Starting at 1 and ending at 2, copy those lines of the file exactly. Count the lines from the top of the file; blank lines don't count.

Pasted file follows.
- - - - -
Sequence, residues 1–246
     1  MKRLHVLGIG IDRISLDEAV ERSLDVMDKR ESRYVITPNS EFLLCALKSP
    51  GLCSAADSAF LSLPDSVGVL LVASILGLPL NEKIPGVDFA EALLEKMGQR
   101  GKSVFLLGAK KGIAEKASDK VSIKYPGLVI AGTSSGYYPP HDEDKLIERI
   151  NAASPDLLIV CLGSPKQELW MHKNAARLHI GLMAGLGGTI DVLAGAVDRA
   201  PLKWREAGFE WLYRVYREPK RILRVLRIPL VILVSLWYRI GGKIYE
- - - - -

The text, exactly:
Sequence, residues 1–246
     1  MKRLHVLGIG IDRISLDEAV ERSLDVMDKR ESRYVITPNS EFLLCALKSP